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Most people agree that the health-care system needs reform, but there is strong disagreement regarding what that reform should be. Democrats have focused on lack of access to the health-care system due to 46 million uninsured Americans, but they should have focused on high health-care costs. And now we have a 2,400-page law that creates a complex web of regulations, taxes, penalties, subsidies and bureaucracies to foster better access to the health-care system. To pay for the premium subsidies, cuts have been made to the Medicare program for the elderly and new taxes are imposed on businesses and individuals. This legislation may decrease the ranks of the uninsured, but it will drive up costs, reduce overall quality of care and hurt job growth. Congress missed the chance to use the free enterprise system to reform a gigantic but unwieldy health-care system.
The better alternative is first to allow individuals to purchase health insurance with pre-tax dollars to put them on an equal playing field with large employers. Second, allow health insurance companies to market policies across state lines to create more consumer choice and insurer price competition. Third and most importantly, encourage the purchase of high deductible health insurance policies and use the premium savings to fund Health Savings Accounts.
Pre-tax money in an HSA can be used to fund any health-care expense within the large policy deductible while the insurance policy covers expenses above the deductible.
The single biggest reason for high costs is the fact that for most Americans, someone else (health insurer, Medicare or Medicaid) is paying the bill for routine purchases. Imagine how your restaurant bill would increase if someone else were picking up the tab.
A large deductible policy combined with a Health Savings Account gives the individual consumer a financial stake in the cost of the service. Of course, some health-care purchases are made in an emergency environment and shopping for more competitive terms is not feasible. However, most health-care purchases are routine in nature, and a quick check on alternatives can yield tremendous price savings.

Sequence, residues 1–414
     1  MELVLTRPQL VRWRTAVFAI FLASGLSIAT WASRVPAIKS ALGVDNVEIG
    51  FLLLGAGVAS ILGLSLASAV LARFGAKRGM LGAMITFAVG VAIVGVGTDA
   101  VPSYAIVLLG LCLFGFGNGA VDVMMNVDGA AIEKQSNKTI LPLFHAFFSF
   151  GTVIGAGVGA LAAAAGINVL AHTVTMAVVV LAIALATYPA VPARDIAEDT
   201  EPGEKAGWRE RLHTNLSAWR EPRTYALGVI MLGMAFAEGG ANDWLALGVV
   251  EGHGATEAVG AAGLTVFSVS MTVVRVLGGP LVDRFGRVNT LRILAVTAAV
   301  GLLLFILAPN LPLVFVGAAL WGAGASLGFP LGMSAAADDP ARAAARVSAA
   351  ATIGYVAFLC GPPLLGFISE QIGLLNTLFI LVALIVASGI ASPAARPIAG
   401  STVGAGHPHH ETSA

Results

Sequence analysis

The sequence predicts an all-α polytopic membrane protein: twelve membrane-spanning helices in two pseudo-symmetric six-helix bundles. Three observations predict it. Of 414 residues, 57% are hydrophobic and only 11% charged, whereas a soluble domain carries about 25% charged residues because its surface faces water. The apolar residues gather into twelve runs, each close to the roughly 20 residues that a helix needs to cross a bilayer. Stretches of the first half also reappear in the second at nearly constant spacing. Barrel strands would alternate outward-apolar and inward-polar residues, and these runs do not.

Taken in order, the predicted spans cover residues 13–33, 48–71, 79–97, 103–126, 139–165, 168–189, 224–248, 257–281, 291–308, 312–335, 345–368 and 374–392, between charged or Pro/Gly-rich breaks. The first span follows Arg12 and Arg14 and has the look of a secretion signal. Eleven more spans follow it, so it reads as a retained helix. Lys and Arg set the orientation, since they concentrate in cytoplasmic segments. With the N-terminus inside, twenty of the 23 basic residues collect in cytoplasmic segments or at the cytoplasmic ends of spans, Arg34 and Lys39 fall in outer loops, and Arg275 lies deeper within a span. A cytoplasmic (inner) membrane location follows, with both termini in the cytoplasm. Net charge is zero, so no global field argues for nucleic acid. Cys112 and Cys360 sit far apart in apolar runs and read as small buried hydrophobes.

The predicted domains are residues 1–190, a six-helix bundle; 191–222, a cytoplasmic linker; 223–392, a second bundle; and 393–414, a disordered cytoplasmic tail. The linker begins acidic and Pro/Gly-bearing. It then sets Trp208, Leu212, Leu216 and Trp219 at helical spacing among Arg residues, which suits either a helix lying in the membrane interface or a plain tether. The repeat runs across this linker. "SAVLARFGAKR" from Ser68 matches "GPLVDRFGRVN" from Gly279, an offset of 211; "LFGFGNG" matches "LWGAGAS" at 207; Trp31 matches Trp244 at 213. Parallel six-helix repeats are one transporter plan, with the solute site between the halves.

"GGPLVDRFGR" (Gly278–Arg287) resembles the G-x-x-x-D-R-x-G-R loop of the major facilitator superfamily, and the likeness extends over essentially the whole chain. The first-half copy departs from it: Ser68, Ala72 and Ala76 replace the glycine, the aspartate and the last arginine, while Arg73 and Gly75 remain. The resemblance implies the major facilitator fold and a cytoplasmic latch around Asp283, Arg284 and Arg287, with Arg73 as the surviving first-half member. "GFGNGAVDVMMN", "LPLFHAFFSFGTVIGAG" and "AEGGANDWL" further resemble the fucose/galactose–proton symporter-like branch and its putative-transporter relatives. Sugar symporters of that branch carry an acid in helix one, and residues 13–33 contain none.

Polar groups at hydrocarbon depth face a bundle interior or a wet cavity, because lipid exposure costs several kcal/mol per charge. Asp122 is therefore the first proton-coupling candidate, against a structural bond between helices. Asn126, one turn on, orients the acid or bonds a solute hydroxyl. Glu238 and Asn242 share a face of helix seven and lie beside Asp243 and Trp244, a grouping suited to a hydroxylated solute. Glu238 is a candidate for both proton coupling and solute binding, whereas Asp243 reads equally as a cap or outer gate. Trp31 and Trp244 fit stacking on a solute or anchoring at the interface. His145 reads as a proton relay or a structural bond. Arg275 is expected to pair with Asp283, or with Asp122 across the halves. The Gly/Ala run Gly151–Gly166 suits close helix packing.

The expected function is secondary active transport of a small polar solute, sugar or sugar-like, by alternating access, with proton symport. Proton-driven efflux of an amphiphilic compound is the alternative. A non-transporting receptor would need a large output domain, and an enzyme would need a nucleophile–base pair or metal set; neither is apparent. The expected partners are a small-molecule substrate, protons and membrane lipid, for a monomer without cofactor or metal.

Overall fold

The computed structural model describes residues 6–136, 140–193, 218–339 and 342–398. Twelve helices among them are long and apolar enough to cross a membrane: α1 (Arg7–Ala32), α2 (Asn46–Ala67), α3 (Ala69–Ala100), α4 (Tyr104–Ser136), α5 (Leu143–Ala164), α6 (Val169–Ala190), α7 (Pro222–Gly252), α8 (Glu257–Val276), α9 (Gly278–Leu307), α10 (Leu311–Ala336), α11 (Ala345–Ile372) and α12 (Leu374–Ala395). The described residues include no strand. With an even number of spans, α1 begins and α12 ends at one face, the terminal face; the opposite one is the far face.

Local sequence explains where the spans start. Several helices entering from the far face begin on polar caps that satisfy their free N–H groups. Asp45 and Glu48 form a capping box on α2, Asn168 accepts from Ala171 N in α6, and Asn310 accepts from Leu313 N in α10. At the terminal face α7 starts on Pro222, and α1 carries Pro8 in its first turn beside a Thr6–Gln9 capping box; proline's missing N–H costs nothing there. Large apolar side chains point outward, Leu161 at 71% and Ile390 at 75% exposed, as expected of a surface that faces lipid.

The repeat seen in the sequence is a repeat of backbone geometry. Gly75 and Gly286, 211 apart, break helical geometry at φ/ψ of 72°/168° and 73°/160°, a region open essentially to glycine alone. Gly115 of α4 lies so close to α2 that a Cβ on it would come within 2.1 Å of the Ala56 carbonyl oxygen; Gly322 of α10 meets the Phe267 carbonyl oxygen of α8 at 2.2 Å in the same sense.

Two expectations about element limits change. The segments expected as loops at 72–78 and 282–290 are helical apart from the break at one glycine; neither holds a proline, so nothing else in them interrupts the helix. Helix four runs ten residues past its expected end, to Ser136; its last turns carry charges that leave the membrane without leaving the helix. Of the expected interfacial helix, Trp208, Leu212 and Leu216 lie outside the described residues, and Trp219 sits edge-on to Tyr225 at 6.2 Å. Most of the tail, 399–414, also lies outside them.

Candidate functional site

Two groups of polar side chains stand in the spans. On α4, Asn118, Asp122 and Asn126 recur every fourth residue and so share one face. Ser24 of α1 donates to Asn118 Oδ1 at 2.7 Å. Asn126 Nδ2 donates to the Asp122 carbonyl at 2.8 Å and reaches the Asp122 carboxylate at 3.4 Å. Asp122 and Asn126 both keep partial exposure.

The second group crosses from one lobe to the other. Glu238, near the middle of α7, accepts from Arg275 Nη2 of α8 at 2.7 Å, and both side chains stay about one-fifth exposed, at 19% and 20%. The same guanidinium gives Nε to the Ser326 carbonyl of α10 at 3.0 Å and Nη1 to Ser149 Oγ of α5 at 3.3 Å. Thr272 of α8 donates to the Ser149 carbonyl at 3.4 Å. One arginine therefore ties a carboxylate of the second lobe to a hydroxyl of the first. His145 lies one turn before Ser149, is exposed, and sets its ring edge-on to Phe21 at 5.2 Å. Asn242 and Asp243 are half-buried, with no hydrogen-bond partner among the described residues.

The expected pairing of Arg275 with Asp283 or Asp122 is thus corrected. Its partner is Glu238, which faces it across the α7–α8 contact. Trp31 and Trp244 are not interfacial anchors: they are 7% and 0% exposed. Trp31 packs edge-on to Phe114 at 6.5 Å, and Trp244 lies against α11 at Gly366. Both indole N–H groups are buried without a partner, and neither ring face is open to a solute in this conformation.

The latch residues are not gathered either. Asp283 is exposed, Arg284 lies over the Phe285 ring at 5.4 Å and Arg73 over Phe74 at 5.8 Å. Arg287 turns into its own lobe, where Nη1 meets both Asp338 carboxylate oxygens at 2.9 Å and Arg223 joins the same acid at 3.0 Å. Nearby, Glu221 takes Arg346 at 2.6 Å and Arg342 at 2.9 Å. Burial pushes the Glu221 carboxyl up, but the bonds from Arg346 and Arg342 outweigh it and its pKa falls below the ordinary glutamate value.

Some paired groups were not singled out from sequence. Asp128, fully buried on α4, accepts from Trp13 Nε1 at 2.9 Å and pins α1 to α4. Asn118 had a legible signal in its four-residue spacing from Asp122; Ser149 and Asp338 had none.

My company, Kinsale Insurance, purchases for each employee a high deductible health insurance policy and establishes a Health Savings Account to fund that deductible. The family deductible on the policy is $6,000, but the company contributes $3,000 to each employee’s HSA each year, and the employee is encouraged to contribute another $3,000. Any dollars in the HSA are the employee’s money to pay for expenses within the large deductible – unused money carries over to be used the following year, and if the employee leaves the company he or she takes that cash with them. Because employees are spending their own HSA money within the deductible, they have a financial incentive to spend it carefully.
One new Kinsale employee has been taking iron pills each month. Under her previous employer’s health plan, the only cost to her was a $5 co-pay. Under the Kinsale policy, she learned the total cost was actually $150 a month, and she quickly found a generic alternative for $30. Another employee was able to save 35 percent off the price of a dental crown by getting an alternative price from a second dentist. If this type of price shopping for routine health-care products and services were the norm instead of the exception, health-care expenses would drop and health-care providers would be pressured to improve productivity and deliver care in a more cost-effective fashion. Lower costs would reduce the number of uninsured Americans without the imposition of new taxes, Medicare cuts and bureaucratic regulations.
Middle-class Americans have enjoyed the highest standard of living in the world for two centuries because of the free enterprise system. When government overreaches, it undermines incentives to work, save and invest and makes the whole society poorer as a result. The Democrats have just passed a command and control law to apply to a very large and very complex health-care system – this law will increase health-care costs, lower the standard of living of the American middle class and restrict access to care for the American middle and lower classes. There is a better alternative: tax equity for individuals purchasing health insurance, new competition among health insurers and broad adoption of Health Savings Accounts to tap into the power of the free enterprise system to lower costs, increase affordability and encourage innovation by health-care providers.